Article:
The  Practical Welding Course is the largest of its kind in the world, and consists of both the Theoretical and Practical aspects necessary to train welders up to a  "coded welder" standard. 

It is broken up into the  4 Welding Processes with additional training on the technology, safety aspects, metallurgy, preparation and quality control

The Welding Course starts with the basics: - definitions, terms and other information a good welder needs to know - these are the  Introduction Modules. These are followed by additional more extensive Safety Modules  (OHS)
These first modules need to be completed before moving on to subsequent more Specific Modules which get the Learner to start actually welding, by practicing. 

The course continues by introducing the Learner to the Basics of Welding - the  equipment and trying to actually strike an arc and start welding. There is a great deal of Practice Required with these initial Modules.

The other important aspects that the welder needs to know, like Joint Preparation and Fit up, follow on from the basics - all essential to producing good welds.

The following Welding Processes are then covered in detail:

                                • Manual Metal Arc Welding
                                • Gas shielded metal Arc Welding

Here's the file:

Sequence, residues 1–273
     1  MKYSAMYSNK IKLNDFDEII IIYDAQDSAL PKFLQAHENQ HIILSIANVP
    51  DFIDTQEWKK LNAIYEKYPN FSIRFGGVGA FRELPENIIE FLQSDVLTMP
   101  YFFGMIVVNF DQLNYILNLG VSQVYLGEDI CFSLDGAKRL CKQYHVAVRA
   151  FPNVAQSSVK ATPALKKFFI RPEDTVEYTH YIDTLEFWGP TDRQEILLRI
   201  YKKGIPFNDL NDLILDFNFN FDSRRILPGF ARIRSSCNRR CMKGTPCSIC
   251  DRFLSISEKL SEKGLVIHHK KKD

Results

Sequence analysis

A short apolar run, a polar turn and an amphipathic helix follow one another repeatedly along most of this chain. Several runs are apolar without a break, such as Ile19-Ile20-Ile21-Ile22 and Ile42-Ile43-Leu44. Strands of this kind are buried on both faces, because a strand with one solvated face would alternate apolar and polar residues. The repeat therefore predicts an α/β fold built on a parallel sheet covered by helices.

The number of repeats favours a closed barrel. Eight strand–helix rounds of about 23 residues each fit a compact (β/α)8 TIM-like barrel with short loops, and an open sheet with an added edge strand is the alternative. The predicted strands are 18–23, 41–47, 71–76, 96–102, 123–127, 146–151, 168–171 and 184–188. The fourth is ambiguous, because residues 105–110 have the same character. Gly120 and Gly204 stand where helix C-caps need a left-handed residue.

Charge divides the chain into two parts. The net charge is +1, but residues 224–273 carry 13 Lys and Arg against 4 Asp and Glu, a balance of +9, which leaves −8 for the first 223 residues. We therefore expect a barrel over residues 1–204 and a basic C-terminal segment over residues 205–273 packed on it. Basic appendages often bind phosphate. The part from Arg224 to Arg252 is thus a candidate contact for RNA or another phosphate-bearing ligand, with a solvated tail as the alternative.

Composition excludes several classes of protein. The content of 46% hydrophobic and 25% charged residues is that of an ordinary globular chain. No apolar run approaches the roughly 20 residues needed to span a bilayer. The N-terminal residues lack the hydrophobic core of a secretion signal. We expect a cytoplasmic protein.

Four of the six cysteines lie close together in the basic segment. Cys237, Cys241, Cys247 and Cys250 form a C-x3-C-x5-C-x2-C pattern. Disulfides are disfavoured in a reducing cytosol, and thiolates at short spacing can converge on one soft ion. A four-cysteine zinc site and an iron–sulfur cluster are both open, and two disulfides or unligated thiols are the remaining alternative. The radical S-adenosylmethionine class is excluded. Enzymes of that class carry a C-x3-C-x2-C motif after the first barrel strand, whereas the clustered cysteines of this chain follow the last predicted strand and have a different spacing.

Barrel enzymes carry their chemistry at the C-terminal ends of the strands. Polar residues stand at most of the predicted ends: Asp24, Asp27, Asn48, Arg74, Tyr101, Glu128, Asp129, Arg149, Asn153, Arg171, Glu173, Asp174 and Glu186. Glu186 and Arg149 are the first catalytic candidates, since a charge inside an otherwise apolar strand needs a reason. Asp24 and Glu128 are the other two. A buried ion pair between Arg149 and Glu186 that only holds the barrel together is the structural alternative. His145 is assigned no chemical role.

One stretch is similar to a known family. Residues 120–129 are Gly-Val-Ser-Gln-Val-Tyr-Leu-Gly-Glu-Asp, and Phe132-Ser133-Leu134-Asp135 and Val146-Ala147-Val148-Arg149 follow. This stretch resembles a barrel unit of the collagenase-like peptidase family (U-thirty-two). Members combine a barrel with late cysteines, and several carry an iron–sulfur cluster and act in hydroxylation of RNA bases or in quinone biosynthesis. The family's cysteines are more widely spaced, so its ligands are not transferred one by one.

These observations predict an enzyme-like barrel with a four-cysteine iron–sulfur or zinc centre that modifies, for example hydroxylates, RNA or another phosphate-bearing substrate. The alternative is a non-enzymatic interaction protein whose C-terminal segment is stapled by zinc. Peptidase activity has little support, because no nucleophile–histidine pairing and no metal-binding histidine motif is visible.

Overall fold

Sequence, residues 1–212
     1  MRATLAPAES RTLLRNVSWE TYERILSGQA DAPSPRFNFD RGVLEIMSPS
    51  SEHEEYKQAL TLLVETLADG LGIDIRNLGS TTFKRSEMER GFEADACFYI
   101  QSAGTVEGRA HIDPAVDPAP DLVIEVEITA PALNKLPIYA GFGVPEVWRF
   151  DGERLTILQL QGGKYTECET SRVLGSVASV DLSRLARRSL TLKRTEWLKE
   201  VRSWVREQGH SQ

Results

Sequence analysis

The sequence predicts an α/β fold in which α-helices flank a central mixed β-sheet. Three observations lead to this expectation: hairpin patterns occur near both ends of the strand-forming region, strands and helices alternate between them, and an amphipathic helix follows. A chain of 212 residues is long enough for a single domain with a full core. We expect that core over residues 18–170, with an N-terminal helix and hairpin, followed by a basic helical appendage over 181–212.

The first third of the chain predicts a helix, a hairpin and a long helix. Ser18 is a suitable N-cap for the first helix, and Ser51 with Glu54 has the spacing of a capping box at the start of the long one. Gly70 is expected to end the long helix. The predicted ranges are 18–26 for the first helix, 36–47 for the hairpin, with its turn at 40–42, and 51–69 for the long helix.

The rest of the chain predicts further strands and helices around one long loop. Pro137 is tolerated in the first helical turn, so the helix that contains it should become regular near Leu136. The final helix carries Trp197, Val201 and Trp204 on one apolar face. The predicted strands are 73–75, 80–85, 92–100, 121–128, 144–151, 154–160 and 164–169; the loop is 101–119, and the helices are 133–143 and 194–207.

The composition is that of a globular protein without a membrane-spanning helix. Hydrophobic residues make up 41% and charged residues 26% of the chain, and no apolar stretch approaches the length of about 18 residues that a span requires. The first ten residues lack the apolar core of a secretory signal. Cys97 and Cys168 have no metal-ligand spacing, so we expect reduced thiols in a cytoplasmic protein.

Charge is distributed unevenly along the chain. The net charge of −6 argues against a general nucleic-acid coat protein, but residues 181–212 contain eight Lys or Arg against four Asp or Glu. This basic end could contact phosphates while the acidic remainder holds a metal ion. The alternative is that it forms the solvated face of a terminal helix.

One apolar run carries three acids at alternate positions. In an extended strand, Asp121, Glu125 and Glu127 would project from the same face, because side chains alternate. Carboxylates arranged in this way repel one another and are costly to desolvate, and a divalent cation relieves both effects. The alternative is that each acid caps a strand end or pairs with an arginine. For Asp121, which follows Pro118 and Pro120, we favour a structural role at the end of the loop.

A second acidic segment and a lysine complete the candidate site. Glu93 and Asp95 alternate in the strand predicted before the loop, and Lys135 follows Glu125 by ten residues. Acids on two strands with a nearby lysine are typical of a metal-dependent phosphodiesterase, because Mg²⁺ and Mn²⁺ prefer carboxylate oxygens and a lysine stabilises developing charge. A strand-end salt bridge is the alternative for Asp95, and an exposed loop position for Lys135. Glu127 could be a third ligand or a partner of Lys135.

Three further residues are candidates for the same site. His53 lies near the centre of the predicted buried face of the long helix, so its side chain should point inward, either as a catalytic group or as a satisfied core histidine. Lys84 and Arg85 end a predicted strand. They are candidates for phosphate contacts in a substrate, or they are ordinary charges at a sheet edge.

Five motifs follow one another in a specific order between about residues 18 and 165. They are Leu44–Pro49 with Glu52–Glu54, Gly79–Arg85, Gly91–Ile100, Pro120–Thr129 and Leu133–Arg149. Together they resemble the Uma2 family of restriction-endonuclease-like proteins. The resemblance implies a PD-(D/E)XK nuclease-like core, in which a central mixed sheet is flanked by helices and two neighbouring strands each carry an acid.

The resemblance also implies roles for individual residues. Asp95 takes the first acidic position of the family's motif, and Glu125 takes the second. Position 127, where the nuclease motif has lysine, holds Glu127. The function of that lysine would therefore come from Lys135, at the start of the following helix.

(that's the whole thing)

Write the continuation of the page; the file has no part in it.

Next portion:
• Tungsten Inert Gas Welding
                                • Submerged Arc Welding

After several Modules addressing the actual welding of joints, the welder is taken through numerous other related modules about Metallurgy, Defects in Welded joints, Inspection and Testing requirements, Heat Treatment and so on.

There are 32 Modules + 4 OHS Modules for the complete welding course in these 4 major welding processes. To train a good welded, the most important part is Practice, Practice and Practice!!

All Theory is tested on-line through Computer Based Training (CBT) tests. The Practical Work is required by the Trainee in order to become an expert welder, thus access to a suitable workshop and equipment is essential. 
An Instructor or welding subject matter expert is necessary to guide the learners and to ensure the standards of workmanship are achieved and the course requirements are satisfied. 

This course is best run in an established training facility or in a suitable workshop. Learners need access to workshop facilities, equipment, consumables and an experienced Instructor.